Maybe I’m a sucker for a red-headed, gothic lesbian but the character of Kate Kane I feel is one of the more underappreciated characters that DC has going right now. In one run via DETECTIVE COMICS, Greg Rucka took a character that started out really as almost nothing but a “lipstick lesbian” she was pigeonholed as post-52 into a tortured, lonely, reckless soul, with a foot in some modern political commentary to boot. That run alone should be enough for any writer to build off of when it comes to shaping the future of character, which is why I was willing to give BATWOMAN a shot even with a co-writing crew of an artist I do not recall having written before, and a writer I was not familiar with at all. That willingness has so far mostly paid off I would say now that we are four issues in, though I am not finding the entire package of plot threads going on in this book as riveting as I still do Kate herself.

There’s roughly four threads going on in the pages of Batwoman’s own book here: The main case that she is working, that of the “Weeping Woman,” a recent fallout with her “sidekick” Flamebird, the pursuit of Batwoman by the DEO, and Kate’s relationship with Gotham PD’s Maggie Sawyer. All that sounds like a lot to the point where I think maybe it really is and that maybe the overall suffers for it. More to my criticism, the Weeping Woman aspect of this story, which is basically being used to guide and setup the other three, is not terribly interesting. Hell, reading this issue, I kind of forgot it was going on and what was the point of it outside of remembering some really great JHW3 art pieces back in issue two. There’s a bigger piece revealed here that gives it some tragic notes as well but, so far (to me at least), it has seemed more like a MacGuffin than something interesting enough to drive a story.

Now, as for those other three points, those are all great for the most part. While I did not exactly see much “chemistry” going on over the first 58 pages or so in this run between Batwoman and Flamebird, the events that transpired at the end of last issue were nice and dramatic. That drama then goes full blown abject horror with this issue given the events that come tumbling down on Flamebird’s head (or more aptly, slice through her midsection) and will have many a ramification, short-term and long. The shortest of terms of it all I think may be the best thing that has happened in this series, as Cameron Chase and Mr. Bones of the DEO take a pretty morbid opportunity to pursue their agenda off of Flamebird’s misfortune. How that angle played out was some pretty messed up and devious stuff and some great writing.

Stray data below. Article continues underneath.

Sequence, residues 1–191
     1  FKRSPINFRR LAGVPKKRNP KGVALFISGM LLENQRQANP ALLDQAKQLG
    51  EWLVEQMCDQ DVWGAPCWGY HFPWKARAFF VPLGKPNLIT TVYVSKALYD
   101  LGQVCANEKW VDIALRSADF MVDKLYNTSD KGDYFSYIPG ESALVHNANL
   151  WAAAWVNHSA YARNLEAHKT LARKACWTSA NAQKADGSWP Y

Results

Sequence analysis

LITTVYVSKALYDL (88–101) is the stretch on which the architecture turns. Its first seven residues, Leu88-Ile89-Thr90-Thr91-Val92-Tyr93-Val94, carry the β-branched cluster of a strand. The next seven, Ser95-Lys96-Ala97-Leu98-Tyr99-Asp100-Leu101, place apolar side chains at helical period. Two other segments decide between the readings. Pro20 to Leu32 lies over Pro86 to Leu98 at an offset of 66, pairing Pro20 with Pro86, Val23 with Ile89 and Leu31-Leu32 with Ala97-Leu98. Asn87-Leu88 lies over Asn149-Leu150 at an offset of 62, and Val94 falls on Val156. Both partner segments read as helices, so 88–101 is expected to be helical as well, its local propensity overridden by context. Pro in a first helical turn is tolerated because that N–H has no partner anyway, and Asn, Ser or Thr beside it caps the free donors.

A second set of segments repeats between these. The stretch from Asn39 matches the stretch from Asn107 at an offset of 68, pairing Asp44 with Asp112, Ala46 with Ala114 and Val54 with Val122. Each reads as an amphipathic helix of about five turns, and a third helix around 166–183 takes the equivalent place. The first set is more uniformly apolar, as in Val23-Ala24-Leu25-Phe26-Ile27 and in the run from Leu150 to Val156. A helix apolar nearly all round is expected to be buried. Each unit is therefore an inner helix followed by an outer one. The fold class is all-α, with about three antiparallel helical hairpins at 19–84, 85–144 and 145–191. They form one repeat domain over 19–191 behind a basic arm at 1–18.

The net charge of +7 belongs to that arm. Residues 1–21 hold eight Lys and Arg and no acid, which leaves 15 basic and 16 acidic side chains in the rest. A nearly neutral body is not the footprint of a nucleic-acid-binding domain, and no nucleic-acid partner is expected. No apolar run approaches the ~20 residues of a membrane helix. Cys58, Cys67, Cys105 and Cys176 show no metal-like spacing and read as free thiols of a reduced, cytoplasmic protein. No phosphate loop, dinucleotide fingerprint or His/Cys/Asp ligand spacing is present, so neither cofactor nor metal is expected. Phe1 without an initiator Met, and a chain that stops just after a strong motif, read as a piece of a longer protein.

The last plot point, the relationship between Kate and Maggie, has been worth it alone for how JHW3 played it out in the art of this issue via some rather sultry and passionate panels intertwined with Flamebird’s brutal outing. The contrast between these two events and what they represent between a burgeoning relationship and one that may be cut short, plus the artistic flare the use of black and white brought to the sexy-time scenes was absolutely fantastic, as have all of the art chores on this book. Let’s be real here, as I begin to wrap this up, if the tables were turned and I was 75% on the downside of this book instead of being three-quarters positive toward it, I’d still be buying because I am J.H. Williams’ bitch. What he does with a comic book page almost physically hurts me because I know I will probably never be that good at anything in my life.

So, in summation, I think BATWOMAN equals mostly good. I am not exactly down with all of the events occurring per se – and really it is just one plot thread that I’m not down with and that could still turn out to be interesting – but the main two grabs of the book, Kate and her messed up life and ungodly good art, are intact. I am also highly interested in the developing story with Chase and the DEO as I have always thought that was a corner of the DCU highly underused and can see how an organization like that could have huge ramifications on a character like this Batwoman. The two plots of the Maggie Sawyer relationship and DEO have been enough to bring this book from iffy status to me (from a writing standpoint) to very interested, and the implications of Flamebird’s predicament look pretty juicy as well. All I really ask of this title now is that the Weeping Woman story either ramp up or go away and that it continue to look gorgeous however any of this plays out. Either way, in twenty pages this book has jumped quite a few spots up my New 52 priority list and all signs are trending positive for that to continue.